Do they still give out Grammy Awards for best cover art? If so, here's a nominee: a peaceful retriever in repose, chin on the floor, captured in a sanguine tone on Matt Jorgensen + 451's Hope.
A great cover, of course, does not a successful CD make. It's the music.
The music on Hope -- sax and rhythm section outing with additional sax on five of the eleven tunes, with the warm tones of a trombone on another -- falls into that familiar yet foreign sound, sort of traditional, but quite progressive, too. Drummer Matt Jorgensen seems as influenced by rock as he is by jazz. Coldplay's "God Put A Smile On Your Face" gets a forward-looking jazz treatment, with keyboardist Ryan Burns pulling wah-wah guitar sounds out of the ether, or maybe it's his Fender Rhodes, though I've never heard those sounds from one before. Or maybe it's added electronics. Not that it matters; two sax parts -- both by Mark Taylor -- dance in front of a driving beat on a simple yet compelling melody.
The title tune -- separated into three parts, slipped into the mix at three different spots in the set -- begins with Part 1, sounding ethereal, with a spiritual Indian feel; Part 3 hums into a drone-like atmosphere with bowed bass and a distant rumble of percussion: and Part 2, that closes the disc, opens with a sitar-ish hum into which Mark Taylor's sax whispers.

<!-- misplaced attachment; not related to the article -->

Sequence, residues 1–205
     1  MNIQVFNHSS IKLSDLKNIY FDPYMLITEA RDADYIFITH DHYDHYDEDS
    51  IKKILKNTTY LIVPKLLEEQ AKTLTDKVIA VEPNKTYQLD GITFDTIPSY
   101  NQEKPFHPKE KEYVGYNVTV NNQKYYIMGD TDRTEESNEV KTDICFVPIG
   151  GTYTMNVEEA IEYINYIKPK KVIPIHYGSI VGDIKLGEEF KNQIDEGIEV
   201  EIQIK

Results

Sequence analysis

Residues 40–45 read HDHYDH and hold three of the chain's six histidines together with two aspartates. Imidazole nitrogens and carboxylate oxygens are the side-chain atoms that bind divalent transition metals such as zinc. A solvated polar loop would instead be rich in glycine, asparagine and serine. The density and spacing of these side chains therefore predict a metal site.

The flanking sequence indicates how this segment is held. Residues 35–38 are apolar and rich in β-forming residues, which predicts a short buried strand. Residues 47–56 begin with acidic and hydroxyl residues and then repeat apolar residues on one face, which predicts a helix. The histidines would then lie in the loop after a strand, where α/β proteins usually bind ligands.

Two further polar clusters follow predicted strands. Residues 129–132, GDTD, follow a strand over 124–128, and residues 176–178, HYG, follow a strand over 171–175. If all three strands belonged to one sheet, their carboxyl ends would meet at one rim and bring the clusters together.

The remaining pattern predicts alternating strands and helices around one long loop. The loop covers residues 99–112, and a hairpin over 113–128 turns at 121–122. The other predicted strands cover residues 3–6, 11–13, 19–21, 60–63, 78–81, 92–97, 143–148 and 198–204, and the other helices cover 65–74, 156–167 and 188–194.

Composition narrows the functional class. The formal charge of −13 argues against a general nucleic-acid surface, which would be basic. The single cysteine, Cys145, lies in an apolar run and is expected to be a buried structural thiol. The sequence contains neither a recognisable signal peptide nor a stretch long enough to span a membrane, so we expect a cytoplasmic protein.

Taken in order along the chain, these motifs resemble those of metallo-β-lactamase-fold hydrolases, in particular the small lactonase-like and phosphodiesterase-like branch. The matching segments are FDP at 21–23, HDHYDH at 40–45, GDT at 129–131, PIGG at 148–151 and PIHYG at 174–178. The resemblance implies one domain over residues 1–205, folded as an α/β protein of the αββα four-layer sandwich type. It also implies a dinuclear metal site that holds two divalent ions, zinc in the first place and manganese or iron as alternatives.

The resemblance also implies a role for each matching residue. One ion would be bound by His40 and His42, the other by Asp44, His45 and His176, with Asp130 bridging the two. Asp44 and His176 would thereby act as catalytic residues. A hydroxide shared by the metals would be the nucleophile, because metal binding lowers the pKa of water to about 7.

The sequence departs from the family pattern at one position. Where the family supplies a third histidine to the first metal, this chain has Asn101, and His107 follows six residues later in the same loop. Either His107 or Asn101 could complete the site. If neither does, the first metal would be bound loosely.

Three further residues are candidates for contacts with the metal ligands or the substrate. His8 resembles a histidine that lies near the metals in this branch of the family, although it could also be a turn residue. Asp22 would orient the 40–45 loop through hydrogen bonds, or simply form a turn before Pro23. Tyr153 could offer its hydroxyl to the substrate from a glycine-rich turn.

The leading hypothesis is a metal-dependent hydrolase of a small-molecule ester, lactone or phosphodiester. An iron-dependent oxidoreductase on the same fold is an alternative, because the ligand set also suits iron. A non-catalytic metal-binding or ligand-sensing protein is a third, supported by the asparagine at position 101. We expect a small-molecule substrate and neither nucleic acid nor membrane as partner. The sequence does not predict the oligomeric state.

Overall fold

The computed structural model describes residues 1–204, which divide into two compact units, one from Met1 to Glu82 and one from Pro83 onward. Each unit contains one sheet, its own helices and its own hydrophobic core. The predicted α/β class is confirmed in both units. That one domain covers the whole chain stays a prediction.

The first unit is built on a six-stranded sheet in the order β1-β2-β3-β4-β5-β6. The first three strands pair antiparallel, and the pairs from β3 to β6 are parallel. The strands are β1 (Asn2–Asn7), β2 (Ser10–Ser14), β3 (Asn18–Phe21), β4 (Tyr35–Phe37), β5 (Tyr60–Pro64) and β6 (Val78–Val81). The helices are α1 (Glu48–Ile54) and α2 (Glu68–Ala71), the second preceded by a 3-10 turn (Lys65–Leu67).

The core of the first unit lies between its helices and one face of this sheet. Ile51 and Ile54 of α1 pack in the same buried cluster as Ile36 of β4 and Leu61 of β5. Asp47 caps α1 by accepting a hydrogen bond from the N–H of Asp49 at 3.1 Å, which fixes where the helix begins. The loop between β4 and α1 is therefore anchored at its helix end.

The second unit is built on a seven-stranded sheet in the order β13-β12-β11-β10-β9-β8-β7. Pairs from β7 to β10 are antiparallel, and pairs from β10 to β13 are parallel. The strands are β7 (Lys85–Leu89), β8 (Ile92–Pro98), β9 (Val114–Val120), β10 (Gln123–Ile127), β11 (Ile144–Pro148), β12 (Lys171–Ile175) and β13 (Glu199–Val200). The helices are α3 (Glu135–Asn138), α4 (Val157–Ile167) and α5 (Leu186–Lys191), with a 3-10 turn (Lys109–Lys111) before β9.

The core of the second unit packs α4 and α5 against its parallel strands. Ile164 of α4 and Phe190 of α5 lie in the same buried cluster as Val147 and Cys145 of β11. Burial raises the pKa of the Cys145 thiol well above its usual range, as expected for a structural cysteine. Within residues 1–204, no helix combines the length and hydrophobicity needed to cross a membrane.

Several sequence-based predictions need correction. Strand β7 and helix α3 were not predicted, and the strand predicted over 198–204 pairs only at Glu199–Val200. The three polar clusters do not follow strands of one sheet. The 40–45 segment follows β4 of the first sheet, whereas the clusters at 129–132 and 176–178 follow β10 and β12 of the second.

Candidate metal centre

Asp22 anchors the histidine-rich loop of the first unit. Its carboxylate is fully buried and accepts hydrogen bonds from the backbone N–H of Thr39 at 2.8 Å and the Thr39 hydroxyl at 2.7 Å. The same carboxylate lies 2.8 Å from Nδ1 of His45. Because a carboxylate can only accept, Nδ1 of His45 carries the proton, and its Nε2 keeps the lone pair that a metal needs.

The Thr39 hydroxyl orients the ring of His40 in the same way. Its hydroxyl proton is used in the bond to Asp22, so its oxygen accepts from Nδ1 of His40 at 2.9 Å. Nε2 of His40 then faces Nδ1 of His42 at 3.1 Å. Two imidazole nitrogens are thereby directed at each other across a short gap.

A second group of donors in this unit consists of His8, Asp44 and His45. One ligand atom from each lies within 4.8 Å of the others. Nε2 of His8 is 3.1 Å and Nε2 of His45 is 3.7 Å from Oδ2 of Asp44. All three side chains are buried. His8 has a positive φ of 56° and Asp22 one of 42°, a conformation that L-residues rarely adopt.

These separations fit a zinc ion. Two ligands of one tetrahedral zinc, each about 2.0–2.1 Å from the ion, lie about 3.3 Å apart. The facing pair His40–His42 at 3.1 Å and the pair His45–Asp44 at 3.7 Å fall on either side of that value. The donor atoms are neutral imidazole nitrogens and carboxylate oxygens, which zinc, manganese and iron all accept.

"Slinky" opens the set on a tight groove, plaintive sax in front of a churning Elvin Jones-ish rhythm, while "Pack Sack" rides a subtler groove, with the leader's drum work bringing the great Chico Hamilton to mind. A solid set of sounds, start-to-finish, a nice mix of originals and covers, with Mingus's "Fables of Faubus" taking things to the raucous end of the spectrum, and the dream-state Hope parts punctuating the more traditional-sounding tunes perfectly. Flip the CD cover over and even the dog is perked up and listening.